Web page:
Women and War: The West End and the Western Front

Laurence Houseman, Evelyn Glover, Sally Nicholls, Naomi Paxton and Hereward Carrington

Scary Little Girls

Locations across London from the Feminist Library to the Club for Act and Actors

On 22 November 2017

Review by Howard Loxton

Search for tickets

This is a walk across London linking places that have connections with the lives of women at the time of the First World War, its effect on them and their contribution to it. Participants in small groups follow a set of written instructions that set out the route with information about sites that are included and alerting them to when they should look out for dramatic encounters.

Half a dozen dramatic episodes occur en route: some out in the street, some within premises that participants are instructed to enter.

Starting off, very appropriately, at The Feminist Library (a new discovery for me to begin with!), where some will be given items they will need as they interact on the journey, it proceeds northward past the NHS London Ambulance Service. Did you know that actress Vera Holme, who had been Emmeline Pankhurst’s chauffeur, became an ambulance driver in 1914?—and their were others but, when peace came, Scotland Yard wouldn’t let them drive taxis: it wasn’t until 1977 that the first female taxi driver was licensed in London!

Past the Old Vic, where Lilian Baylis was in charge from 1912—and as theatregoers you’ll know all about that—there’s a welcome waiting in an intriguing hall with classical pillars supporting a hammerbeam roof. Despite lively playing by Cavin Cornwall and Faye Wilson, its acoustic makes the encounter you witness not easy to follow. It’s a discussion between father and daughter about marriage that helps set up the position middle class ladies found themselves in at the war’s outbreak.

Further on the journey, the group are accosted by a woman of a different class; in trousers and a cap, she’s a stark contrast. No one thought to ask her what brought a Brummie to London but we soon learn her family is having a tough time: father and brother both in the army, one now dead the other wounded, her mother no longer gets their army pay. Though she works making munitions, earning more than she did bottling jam, it's only half the pay that the men get.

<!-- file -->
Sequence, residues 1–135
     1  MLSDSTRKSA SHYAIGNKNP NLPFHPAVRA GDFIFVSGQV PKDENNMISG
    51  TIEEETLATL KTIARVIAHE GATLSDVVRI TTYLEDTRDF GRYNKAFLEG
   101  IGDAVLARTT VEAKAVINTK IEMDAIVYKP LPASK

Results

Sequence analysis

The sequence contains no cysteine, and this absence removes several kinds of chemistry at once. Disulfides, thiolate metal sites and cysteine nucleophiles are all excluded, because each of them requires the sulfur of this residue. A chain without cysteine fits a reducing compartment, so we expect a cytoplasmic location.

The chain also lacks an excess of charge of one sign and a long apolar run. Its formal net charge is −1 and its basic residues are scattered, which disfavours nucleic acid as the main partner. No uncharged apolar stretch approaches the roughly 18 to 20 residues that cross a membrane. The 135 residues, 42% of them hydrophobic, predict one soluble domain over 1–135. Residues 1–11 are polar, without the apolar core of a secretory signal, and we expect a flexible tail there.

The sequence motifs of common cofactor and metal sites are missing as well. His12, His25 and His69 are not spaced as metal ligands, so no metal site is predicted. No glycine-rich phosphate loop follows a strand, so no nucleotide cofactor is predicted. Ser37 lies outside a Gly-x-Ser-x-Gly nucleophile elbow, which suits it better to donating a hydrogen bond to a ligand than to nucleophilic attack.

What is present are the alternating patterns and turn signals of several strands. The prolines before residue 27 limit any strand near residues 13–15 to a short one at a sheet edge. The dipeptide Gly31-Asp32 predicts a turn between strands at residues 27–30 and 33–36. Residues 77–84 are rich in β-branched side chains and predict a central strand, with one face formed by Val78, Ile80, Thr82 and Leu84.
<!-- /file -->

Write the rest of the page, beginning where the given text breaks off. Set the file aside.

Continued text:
Moving on across Westminster Bridge (known as the Ladies Bridge because it was built by a predominately female workforce) and a succession of other associations, the group encounters a woman in the bonnet and uniform of the Woman Police Service; she’s looking for recruits and formidably played by Josephine Liptrott.

Past the sites of the Little Theatre (which became the home of the Women’s Emergency Corps founded in 1914 by Suffragist actresses) and the Actresses’ Franchise League office, the old Charing Cross Hospital where the wards were filled with war casualties, then across the Strand beside St Martin’s church, the group reaches the statue of Edith Cavell, a memorial to the nurse executed by the Germans for sheltering British soldiers in Belgium. Here there is another more poetic dramatic intervention performed by Kiruna Stamell.

More exploration, including transit through little known Goodwin’s Court (where play agent Peggy Ramsay had her office) towards Covent Garden ends up at the Club for Acts and Actors, home of the Concert Artists Association in a building Henry Irving bought to house the Green Room Club. Here comes the final encounter with Illona Linthwaite confronting Shazz Andrew as a soldier’s mother meeting the young woman whom her son’s letter makes it clear he wants to marry but of whom she disapproves.

Directed and produced by Rebecca Mordan and Naomi Paxton, this doesn’t set out to tell one story, let alone give a history of a whole war. It is a look around London to offer reminders of past conflict and its effect, especially on women. Its dramatic episodes offer glimpses of individual stories and are cleverly crafted to deliver all kinds of information about what life was like without becoming lectures. They are played with a spontaneity that can’t be easy when performing in public on busy pavements.

One hundred years after the First World War, much has changed, some locations are sites with new buildings, but there is much on this route still there after a century. Even those who know London well find themselves in places they have never previously encountered, notice things for the first time and learn new things. The dramatic elements are an imaginative way of adding information to expand knowledge, bringing to life key elements of what life was like while also entertaining.

It would be great if this dramatic element were expanded, but this doesn’t promise a promenade play—like others who offer guided walks it’s just that. The playlets are a very welcome bonus and it is all for free too for this is part of the annual Being Human Festival of the Humanities.